The following checklist is a rather detailed, point-by-point academic exercise to help you find the ideal mentor for you. This checklist is only an attempt to help bring clarity in defining the kind of person for whom you are looking.
But even before you start reading this checklist, let me suggest that what you’re really looking for is a person that you know cares for you, believes in you, and naturally encourages you. A good mentor is a person you enjoy being with, who has more experience than you have, and who would be happy to help you win in life. If you already have that person in mind, this checklist will only confirm your intuitive guess that this person would make a great mentor.
The checklist is also helpful if you have two or three mentors to consider, but cannot determine which one you will ask. The mentoring checklist can bring out a few fine points that may help you make your final decision.
Before you choose a mentor, check to see if s/he has these qualities:
Your Ideal Mentor Is…
- Honest With You
- A Model for You
- Deeply Committed to You
- Open and Transparent
Every mentor has struggles that the protégé never sees. The protégé might say with some hesitation, "My mentor can do this, but I don’t know if I’ll ever make it because I have problems with discipline (or doubt, or self-worth, or fatigue)." Ask your mentor to share her/his struggles, along with the success stories they re trying to teach.
- A Teacher
- One Who Believes in Your Potential
Your ideal mentor needs to be the kind of person who looks at you and says, "Yes, I think this person has tremendous potential. I think if I invest some of my life in this person, she/he has what it takes to make a real difference." Surprisingly, most Christian leaders with whom I have worked say they have never had a single person say to them, "You are a leader!"
- One Who Can Help You Define Your Dream and a Plan to Turn Your Dream into Reality
Once clear, the ideal mentor can help you decide which of these dreams seem realistic and which do not.
Note: Just because your mentor says you can or cannot achieve something doesn’t necessarily make it so. Your mentor is simply a human being trying her/his best to help you. Take their input seriously. The final decision, and responsibility, of the direction of your life obviously rests with you. Mentors are just there to help.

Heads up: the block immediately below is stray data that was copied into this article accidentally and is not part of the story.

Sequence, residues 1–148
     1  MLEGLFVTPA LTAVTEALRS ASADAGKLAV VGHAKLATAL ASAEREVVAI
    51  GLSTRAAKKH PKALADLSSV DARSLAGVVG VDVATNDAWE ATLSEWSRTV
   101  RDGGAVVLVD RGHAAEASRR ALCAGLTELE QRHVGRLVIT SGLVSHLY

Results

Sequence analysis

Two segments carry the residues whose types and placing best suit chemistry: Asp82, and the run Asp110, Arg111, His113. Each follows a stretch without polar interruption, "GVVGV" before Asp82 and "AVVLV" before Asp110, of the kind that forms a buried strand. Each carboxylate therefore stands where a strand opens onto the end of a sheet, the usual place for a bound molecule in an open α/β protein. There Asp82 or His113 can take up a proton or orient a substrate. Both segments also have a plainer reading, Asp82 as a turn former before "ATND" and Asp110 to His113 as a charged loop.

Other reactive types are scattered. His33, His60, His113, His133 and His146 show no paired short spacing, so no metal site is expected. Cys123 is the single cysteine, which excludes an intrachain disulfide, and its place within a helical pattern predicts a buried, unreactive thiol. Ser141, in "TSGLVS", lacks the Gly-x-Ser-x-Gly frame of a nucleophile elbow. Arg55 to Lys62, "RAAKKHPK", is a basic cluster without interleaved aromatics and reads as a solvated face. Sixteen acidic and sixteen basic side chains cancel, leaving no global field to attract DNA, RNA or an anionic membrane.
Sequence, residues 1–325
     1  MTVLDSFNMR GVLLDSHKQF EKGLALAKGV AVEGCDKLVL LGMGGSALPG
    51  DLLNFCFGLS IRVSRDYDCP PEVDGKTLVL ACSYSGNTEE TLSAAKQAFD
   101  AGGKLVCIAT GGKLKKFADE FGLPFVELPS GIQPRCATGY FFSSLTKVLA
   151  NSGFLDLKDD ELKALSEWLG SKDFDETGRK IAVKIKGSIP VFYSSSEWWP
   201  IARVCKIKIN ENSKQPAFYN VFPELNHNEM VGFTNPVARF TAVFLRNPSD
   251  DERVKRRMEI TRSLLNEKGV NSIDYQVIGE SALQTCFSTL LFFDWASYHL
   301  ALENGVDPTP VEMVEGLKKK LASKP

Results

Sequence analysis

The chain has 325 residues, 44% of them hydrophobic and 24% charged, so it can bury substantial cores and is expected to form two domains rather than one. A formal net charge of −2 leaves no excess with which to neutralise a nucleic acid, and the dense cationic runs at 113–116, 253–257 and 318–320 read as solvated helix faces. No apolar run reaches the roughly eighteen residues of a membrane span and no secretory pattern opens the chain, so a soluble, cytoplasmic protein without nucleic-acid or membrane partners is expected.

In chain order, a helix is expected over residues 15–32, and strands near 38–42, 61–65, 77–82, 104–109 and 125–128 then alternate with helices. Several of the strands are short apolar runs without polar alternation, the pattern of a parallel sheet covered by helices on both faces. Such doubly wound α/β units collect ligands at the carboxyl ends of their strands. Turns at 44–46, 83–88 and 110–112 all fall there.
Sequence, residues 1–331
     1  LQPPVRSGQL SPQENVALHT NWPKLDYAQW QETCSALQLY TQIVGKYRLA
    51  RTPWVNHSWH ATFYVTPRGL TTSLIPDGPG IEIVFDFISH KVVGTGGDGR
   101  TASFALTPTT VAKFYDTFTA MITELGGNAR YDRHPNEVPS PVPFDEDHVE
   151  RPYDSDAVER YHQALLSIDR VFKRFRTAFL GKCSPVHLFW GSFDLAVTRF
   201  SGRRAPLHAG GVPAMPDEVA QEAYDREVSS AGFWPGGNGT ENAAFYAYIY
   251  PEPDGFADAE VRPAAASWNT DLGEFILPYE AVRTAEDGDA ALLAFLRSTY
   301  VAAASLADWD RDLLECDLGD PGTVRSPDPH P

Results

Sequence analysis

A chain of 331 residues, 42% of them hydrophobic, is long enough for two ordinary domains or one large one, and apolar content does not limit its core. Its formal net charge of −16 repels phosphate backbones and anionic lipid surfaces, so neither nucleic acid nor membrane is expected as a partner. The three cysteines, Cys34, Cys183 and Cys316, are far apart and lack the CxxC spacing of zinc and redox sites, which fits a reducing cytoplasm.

Once the realism factor has been established, she/he can help you develop a plan to move from where you are to where you ultimately dream of being.
- Successful in Your Eyes
You must feel that your mentor is the kind of person you would like to be like some day, in some ways.
- Open to Learning From You, As Well As Teaching You
Let’s say I, as your mentor, have a whole sack of oranges. You’re thirsty and I give you some of my oranges. Sooner or later you’ll want to give something back to me. You might say, "How about a tangerine from me?" If I say "No, thank you," that makes it seem as though what I give is valuable but what you give is not. It shuts off the chemistry. If I the mentor can learn from you, then suddenly mentoring becomes a two-way street. You think to yourself, "Hey, my mentor respects me" (and vice versa).
- Willing to Stay Primarily on Your Agenda, Not Her/His Own
In all of your analysis, be careful not to forget the simple truth that what you’re really looking for is a person who you know cares for you, believes in you, and encourages you. A good mentor is a person who you naturally enjoy being with, who has more experience than you have, who would be happy to help you win in life, to help you grow in sensitive areas most other friends simply "put up with" on a day to day basis. If you have found this person you have found a mentor.
From Mentoring: How to Find a Mentor and How to Beome One, published by Aylen Publishing. Copyright © 2005, Bobb Biehl. All rights reserved. International copyright secured. Used by permission.